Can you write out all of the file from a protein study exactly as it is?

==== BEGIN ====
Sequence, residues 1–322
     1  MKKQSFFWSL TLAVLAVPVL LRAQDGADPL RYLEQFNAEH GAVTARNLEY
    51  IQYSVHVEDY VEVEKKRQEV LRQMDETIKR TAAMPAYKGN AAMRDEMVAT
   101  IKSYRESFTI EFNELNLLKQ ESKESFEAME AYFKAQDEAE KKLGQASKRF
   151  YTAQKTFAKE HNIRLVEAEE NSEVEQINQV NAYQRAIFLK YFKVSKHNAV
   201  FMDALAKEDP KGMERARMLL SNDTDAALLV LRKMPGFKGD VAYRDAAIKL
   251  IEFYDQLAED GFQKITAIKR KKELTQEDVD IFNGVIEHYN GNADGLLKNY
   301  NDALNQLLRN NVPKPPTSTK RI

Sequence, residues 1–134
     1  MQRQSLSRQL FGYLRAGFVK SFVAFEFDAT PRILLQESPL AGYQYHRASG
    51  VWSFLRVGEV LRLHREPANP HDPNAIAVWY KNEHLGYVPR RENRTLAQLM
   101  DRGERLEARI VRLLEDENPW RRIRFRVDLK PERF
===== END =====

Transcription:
Sequence, residues 1–322
     1  MKKQSFFWSL TLAVLAVPVL LRAQDGADPL RYLEQFNAEH GAVTARNLEY
    51  IQYSVHVEDY VEVEKKRQEV LRQMDETIKR TAAMPAYKGN AAMRDEMVAT
   101  IKSYRESFTI EFNELNLLKQ ESKESFEAME AYFKAQDEAE KKLGQASKRF
   151  YTAQKTFAKE HNIRLVEAEE NSEVEQINQV NAYQRAIFLK YFKVSKHNAV
   201  FMDALAKEDP KGMERARMLL SNDTDAALLV LRKMPGFKGD VAYRDAAIKL
   251  IEFYDQLAED GFQKITAIKR KKELTQEDVD IFNGVIEHYN GNADGLLKNY
   301  NDALNQLLRN NVPKPPTSTK RI

Sequence, residues 1–134
     1  MQRQSLSRQL FGYLRAGFVK SFVAFEFDAT PRILLQESPL AGYQYHRASG
    51  VWSFLRVGEV LRLHREPANP HDPNAIAVWY KNEHLGYVPR RENRTLAQLM
   101  DRGERLEARI VRLLEDENPW RRIRFRVDLK PERF